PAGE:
In a decision that must have come as a surprise to a district court judge and two separate panels of the Court of Appeals who thought otherwise, a unanimous Minnesota Supreme Court held in consolidated cases in State v. Lopez that defendant brothers were not required to register as predatory offenders; in the process, the Court articulated new limits on the reach of the predatory offender registration statute.
The Brothers Lopez were charged with aiding and abetting 1st degree controlled substance crime, and aiding and abetting kidnapping. Early in the proceedings, Gabriel Lopez moved to dismiss the kidnapping charge against him for lack of probable cause. His motion was denied. The state eventually dismissed the kidnapping charges against both brothers. They had separate stipulated facts bench trials on the controlled substance charges. Each was convicted. No mention of the supposed kidnapping was made in the stipulations underlying their convictions.
A tale of two tales
Everyone agrees that the brothers sold methamphetamine to a confidential informant in April 2006. The informant paid $600 for $900 worth of meth; he agreed to make up the $300 later. How you characterize what happened next depends on which court’s opinion you’re reading. Both Court of Appeals opinions, found here and here, duly repeat the informant’s claim that, ten days later, the Brothers Lopez forced him to drive to their home, where they confined him and his juvenile friend in a garage until he made arrangements to pay the debt. The Supreme Court opinion authored by Justice Magnuson describes these same facts in a manner that evokes the grammatical equivalent of the raised eyebrow. The Court makes selective use of quotation marks to describe the informant’s claim that he was “being held hostage” (just like this). The Court spends three paragraphs describing statements by the juvenile that contradict and discredit the informant’s account; the existence of this exculpatory evidence was not even hinted at in the Court of Appeals opinions. Finally, the Court chooses to support an observation about the low factual threshold required to show probable cause with this quotation of authority: “Cf. Illinois v. Gates, 462 U.S. 213, 245, n.13 (1983)(‘[I]nnocent behavior frequently will provide the basis for a showing of probable cause.’).” It sure looks to me like the Justices thought the kidnapping allegations were hokum. How else would they tell us that, except as they have here?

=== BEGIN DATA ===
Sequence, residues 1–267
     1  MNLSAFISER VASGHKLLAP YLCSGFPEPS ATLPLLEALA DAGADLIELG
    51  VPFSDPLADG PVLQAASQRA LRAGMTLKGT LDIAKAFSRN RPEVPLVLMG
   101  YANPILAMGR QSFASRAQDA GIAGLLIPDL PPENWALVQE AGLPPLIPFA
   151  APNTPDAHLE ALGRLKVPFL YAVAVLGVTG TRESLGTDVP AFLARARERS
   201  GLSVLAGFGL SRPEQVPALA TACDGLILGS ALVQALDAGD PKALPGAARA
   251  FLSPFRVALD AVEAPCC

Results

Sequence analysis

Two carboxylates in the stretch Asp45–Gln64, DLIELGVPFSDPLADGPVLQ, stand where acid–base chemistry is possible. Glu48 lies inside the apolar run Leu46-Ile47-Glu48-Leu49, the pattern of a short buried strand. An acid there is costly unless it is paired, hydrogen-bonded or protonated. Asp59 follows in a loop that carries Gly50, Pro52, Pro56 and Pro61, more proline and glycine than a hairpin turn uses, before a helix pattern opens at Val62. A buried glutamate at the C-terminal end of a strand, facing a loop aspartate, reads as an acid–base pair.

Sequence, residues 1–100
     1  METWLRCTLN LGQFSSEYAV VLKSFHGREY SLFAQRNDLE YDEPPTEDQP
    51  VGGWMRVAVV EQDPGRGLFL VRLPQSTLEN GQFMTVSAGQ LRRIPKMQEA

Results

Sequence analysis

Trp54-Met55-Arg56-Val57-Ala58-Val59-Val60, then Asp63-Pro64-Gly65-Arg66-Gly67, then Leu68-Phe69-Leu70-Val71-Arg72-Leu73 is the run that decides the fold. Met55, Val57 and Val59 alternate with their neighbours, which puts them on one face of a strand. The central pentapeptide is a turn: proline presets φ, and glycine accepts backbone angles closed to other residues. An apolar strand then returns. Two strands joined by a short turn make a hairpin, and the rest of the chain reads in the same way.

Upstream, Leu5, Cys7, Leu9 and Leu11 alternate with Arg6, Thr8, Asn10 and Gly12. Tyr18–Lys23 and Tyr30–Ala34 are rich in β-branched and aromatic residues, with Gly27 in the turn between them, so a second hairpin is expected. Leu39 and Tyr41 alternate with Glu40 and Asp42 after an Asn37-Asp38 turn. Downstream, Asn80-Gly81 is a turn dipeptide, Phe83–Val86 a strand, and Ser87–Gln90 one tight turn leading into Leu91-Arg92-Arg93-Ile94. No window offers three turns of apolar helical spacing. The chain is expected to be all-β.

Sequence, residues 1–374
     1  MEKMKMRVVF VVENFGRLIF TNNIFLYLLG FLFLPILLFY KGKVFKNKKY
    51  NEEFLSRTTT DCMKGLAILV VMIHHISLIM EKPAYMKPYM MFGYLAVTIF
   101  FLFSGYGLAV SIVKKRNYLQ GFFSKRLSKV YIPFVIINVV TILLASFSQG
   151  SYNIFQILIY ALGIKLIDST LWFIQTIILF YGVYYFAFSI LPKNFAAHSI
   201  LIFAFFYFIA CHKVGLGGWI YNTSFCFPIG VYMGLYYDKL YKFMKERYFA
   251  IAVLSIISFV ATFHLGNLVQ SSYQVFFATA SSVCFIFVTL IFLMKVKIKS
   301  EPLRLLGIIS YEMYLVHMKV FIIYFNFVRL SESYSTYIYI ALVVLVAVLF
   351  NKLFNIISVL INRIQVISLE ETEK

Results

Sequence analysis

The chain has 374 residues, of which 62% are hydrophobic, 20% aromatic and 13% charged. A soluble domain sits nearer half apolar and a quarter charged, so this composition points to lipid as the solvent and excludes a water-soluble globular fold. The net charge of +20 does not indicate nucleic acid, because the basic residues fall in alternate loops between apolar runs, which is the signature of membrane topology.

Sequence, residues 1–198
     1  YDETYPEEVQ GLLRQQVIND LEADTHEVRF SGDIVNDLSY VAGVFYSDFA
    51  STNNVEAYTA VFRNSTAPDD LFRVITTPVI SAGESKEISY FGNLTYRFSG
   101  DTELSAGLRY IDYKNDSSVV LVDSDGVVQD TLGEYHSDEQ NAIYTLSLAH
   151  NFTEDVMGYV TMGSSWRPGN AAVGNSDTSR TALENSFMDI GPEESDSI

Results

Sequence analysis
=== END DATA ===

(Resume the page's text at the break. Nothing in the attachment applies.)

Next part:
Minn. Stat. § 243.166 requires a person to register if he was “charged with” an enumerated predatory offense and was “convicted of or adjudicated delinquent for that offense or another offense arising out of the same set of circumstances.” Because Gabriel Lopez contested probable cause in the trial court, he preserved his challenge to the application of the statute’s first prong, the “propriety of the charge.” On this point, the Court ruled against Lopez. It held that, even though the juvenile later gave an exculpatory statement, and even though the kidnapping charge was eventually dismissed, the district court did not err in concluding at the time the motion was brought that the charge was supported by probable cause.
“One ‘same set’ “